We are writing to request an immediate investigation into the clear and present danger of sleep deprivation amongst workers in the motion picture industry. Routinely, workers union and non-union work twelve, thirteen, fourteen hours per day – and more. This occurs with minimum time available for sleep.
These conditions occur on split shifts, where day is night and night is day, resulting in dangerous safety hazards. This lack of sleep becomes the cause of many of the safety hazards listed by OSHA.
This workplace condition is aggravated by all the time spent getting to and from work. Although this time may not fall under the specific purview of OSHA, it is part of the overall critical safety factor.
Police, the Auto Club, and insurance companies warn us to be aware that fatigue is a major cause of accidents.
Today, all over America, sometimes morning, sometimes night, sleep-deprived film workers are driving cars in a physical state equal to legal drunkenness. This condition not only threatens their health and safety, but the community at large.
OSHA may have requirements about the safe way to operate a crane control panel, but in the hands of a sleep-deprived worker that eight hundred pound crane becomes a danger to himself and any worker below him.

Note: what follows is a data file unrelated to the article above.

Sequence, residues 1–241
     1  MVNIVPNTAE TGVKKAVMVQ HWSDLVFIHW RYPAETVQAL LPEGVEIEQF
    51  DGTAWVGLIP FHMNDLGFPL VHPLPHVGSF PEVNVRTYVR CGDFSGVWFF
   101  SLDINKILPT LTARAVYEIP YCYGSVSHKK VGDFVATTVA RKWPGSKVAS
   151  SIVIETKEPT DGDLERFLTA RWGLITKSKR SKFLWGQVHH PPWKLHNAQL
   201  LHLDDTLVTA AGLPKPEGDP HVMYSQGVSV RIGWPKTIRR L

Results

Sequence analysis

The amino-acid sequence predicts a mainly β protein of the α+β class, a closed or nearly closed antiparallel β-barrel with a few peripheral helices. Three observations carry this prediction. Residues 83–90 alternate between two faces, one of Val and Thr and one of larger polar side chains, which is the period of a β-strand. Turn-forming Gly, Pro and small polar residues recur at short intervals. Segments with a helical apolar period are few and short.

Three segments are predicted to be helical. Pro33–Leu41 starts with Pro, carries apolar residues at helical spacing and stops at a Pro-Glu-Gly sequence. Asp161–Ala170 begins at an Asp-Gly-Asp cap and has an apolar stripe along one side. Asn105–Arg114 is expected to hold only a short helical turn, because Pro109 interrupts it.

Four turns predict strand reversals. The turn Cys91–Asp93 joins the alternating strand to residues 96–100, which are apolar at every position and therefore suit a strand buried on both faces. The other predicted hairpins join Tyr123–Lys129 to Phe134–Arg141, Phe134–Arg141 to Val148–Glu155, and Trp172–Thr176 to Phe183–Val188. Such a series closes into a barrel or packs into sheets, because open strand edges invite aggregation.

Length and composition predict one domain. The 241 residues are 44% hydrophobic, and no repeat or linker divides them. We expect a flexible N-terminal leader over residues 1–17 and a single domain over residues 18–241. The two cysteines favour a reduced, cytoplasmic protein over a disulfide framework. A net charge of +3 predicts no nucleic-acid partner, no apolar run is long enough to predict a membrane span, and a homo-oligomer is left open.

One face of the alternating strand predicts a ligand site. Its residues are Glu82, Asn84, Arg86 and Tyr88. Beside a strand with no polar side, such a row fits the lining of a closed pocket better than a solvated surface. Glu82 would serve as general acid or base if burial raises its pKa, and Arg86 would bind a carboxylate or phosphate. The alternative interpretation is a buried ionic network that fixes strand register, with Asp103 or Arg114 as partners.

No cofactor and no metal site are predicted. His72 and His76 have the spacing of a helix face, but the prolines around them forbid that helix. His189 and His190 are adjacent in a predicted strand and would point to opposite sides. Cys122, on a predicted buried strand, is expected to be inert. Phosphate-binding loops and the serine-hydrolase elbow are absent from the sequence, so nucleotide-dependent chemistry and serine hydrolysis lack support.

OSHA has a rule called Injury Prevention #7 listed in the Cal/OSHA Workplace Injury and Illness Prevention of 3/21/01.
No one shall knowingly be permitted or required to work while the employee’s ability or alertness is so impaired by fatigue, illness or other causes that it might unnecessarily expose the employee or others to injury.
There is abundant proof that film employees are required to work while their ability and alertness is impaired by fatigue, and that these conditions have exposed the employees and others to injuries and death.
The American people have mandated you to be concerned with our Occupational Health and Safety. We believe an urgent statement about the dangers of sleep deprivation is critical. At this time, specific abatement proposals may not be organizationally practical, but since it is an overriding health and safety concern, a strong statement by OSHA would be a major step toward realizing the OSHA pledge “to help workers come home alive and healthy at the end of the day.”
We understand that you will not mandate against excessive hours. But if you publicly acknowledge that fatigue is an all-encompassing safety issue, perhaps other organizations representing the people can find ways to a remedy.
Haskell Wexler, ASC